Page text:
Jennifer got married for the first time at age 17, and signing the license still ranks as one of the most awkward moments of her life. Flanked by her parents (married 38 years, never divorced) under the buzzing fluorescent lights of a county courthouse office, she signed her guardianship into the hands of her then-boyfriend and first love for the remaining months of her legal childhood. They split up four and a half years later, the day after her 22nd birthday. Divorce anointed her the official breakup coach for her friends; it influenced the succeeding romantic relationships in her life; and it taught her that the phrase “I’m divorced. I’m not ready for a relationship,” was a potent aphrodisiac to casual sex partners, who nearly all responded by declaring her”intriguing” and pushing for more intimacy than she was willing to give. Jennifer’s essay explores how divorce was the catalyst for her coming of age.
Jennifer Culp is an artist and writer. Her work lives in The Kinsey Institute Gallery’s permanent collection, Lark Crafts Ring a Day book, NICHE magazine, Racked, Millihelen, The Hairpin, The Toast, The Mary Sue, The Establishment, the homes of private collectors and friends, and on Instagram. She lives with a man, three dogs, two fish, a tortoise, a wizard in a glass globe, and hundreds of prisms. You can visit her website, and follow her on Instagram and Twitter.
Divorce can force people to change in real, tangible ways and often quite quickly – this makes it unique to explore. Lucia writes about her experience surrounding the end of her marriage in regards to the mental and emotional shift she went through to prepare herself for life without her husband. Fear to faith to freedom – she changed and learned so much about herself during this time. In many ways it was a sort of rebirth.
Lucia Duncan is a radio broadcaster, paralegal, and college professor teaching paralegal and indigenous studies. She is a proud single mother of two children; a gifted 15-year-old daughter, and 6-year-old son marching his way along the autism spectrum. She’s had almost two decades working in the film and television industry with artists like Mobb Deep, Royce Da 5’9, Boot Camp Clik and Cappadona. You can listen to her radio show Sundays 7-9 pm EST and follow her on Twitter and Instagram.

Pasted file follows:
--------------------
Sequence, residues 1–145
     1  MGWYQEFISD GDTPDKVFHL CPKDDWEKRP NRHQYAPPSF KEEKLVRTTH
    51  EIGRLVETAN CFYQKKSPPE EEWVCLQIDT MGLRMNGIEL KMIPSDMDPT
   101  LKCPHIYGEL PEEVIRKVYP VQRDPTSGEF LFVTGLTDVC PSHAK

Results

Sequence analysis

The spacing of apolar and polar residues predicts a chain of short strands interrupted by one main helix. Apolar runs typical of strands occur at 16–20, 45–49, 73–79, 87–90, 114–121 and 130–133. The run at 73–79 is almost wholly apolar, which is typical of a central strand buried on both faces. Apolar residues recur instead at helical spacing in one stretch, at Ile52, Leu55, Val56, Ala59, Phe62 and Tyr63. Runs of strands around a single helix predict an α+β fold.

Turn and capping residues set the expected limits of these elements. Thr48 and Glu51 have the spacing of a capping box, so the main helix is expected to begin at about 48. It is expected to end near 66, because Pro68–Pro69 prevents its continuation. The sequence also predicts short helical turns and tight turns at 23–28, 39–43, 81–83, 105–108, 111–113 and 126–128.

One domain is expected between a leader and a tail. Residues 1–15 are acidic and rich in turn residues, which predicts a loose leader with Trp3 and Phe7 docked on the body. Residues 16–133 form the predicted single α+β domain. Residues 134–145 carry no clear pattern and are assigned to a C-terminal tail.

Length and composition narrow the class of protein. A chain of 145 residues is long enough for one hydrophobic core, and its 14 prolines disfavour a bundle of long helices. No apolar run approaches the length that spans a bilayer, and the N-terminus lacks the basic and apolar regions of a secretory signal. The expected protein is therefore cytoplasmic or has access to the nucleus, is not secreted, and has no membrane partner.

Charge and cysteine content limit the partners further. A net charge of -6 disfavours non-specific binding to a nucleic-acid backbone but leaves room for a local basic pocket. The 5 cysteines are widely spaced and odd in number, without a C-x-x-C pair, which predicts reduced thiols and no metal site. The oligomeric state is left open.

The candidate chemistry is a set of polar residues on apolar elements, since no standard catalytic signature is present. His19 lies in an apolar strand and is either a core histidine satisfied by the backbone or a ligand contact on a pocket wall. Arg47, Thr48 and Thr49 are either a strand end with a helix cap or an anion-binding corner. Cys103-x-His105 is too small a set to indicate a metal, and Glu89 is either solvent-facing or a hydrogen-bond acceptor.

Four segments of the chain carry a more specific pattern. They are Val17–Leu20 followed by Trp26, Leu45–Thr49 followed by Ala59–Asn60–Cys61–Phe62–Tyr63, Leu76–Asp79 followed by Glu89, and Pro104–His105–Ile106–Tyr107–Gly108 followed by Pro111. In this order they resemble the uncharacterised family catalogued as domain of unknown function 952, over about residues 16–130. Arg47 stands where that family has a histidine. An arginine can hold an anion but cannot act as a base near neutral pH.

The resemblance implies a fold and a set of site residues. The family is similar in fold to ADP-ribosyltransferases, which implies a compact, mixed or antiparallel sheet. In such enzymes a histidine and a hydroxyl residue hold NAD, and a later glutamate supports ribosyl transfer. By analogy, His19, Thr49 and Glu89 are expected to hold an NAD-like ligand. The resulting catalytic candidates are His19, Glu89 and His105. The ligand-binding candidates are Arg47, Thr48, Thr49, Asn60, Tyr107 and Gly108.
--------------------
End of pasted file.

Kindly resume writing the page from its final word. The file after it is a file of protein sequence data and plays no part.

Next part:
“She could never sleep if light intruded. She needed absolute darkness. It didn’t matter to me, practically speaking – I could rest either way. The window was mounted with heavy, louvered wooden blinds, and they were shut. We were married and we both could sleep in the dark, and it never bothered me at the time, hiding that window away.” Ray focuses on the blinds in his bedroom – formerly their bedroom – to explore the compromises in marriage, and the small ways we reassert ourselves and return to (or redefine) ourselves when it’s over.
Ray Fawkes is an award-winning writer and artist best known for his creator-owned graphic novels ONE SOUL, THE PEOPLE INSIDE, THE SPECTRAL ENGINE, and INTERSECT. He has worked for DC Comics on BATMAN:ETERNAL, CONSTANTINE, and GOTHAM BY MIDNIGHT. You can visit his website, and follow him on Instagram and Twitter.
Gibson’s essay is about how his divorce transformed the way he saw himself as a father. Prior to his divorce, he had become the type of father he swore he would never be—detached and self-absorbed. His divorce was extremely difficult for all involved and it forced him and his ex to co-parent in a way they never had while they were married. Most significantly, it forced him to confront the physical and emotional abuse he suffered as a child, and his own difficulties with what it means to be a “father.” His essay outlines his journey to becoming an engaged and loving father who has a very close relationship with his daughters.
Gibson Grand has written for the stage and screen. A collection of his short stories and poetry, Leave Your Money on the Dresser, is available on Amazon. His stories have also been published in the arts and culture journal, Transgressive Culture . He is currently working on a novel. You can visit his website, and follow him on Instagram and Twitter.
“But you and Aurora’s mom live together?” Translation: If you and Shaun are partners, then why do you and Holly have the same address? And why do you attend family events together? And why do you have the same last name? “Not exactly,” I said. “My partner and I own a house with an attached one-bedroom apartment, and Holly rents it (I try not to use the word “ex-wife” when describing her), which makes co-parenting easier than if she lived somewhere else.” Translation: It’s far more complicated, but this is the simplest way I can explain it.” William’s essay explores how there are no clear divides when you share something as primal as parenting, but when there are no fingers to point and no blame to place, you still must reconcile the end of the marriage with the beginning of something else.
William Henderson has written for newspapers and magazines for more than 20 years. His memoir, Second Person, Possessive, was released in 2013 by Boston-based Ash Press. He works as a marketing manager at a third-party government registration firm in central Florida, where he lives with his partner, and shares custody of his two children with his ex-wife. He and his ex-wife also share custody of an electric drill; more than 2,000 books; and albums filled with photographs, postcards, and other ephemera from their 18 years (and counting) entanglement. You can visit his website and follow him on Twitter.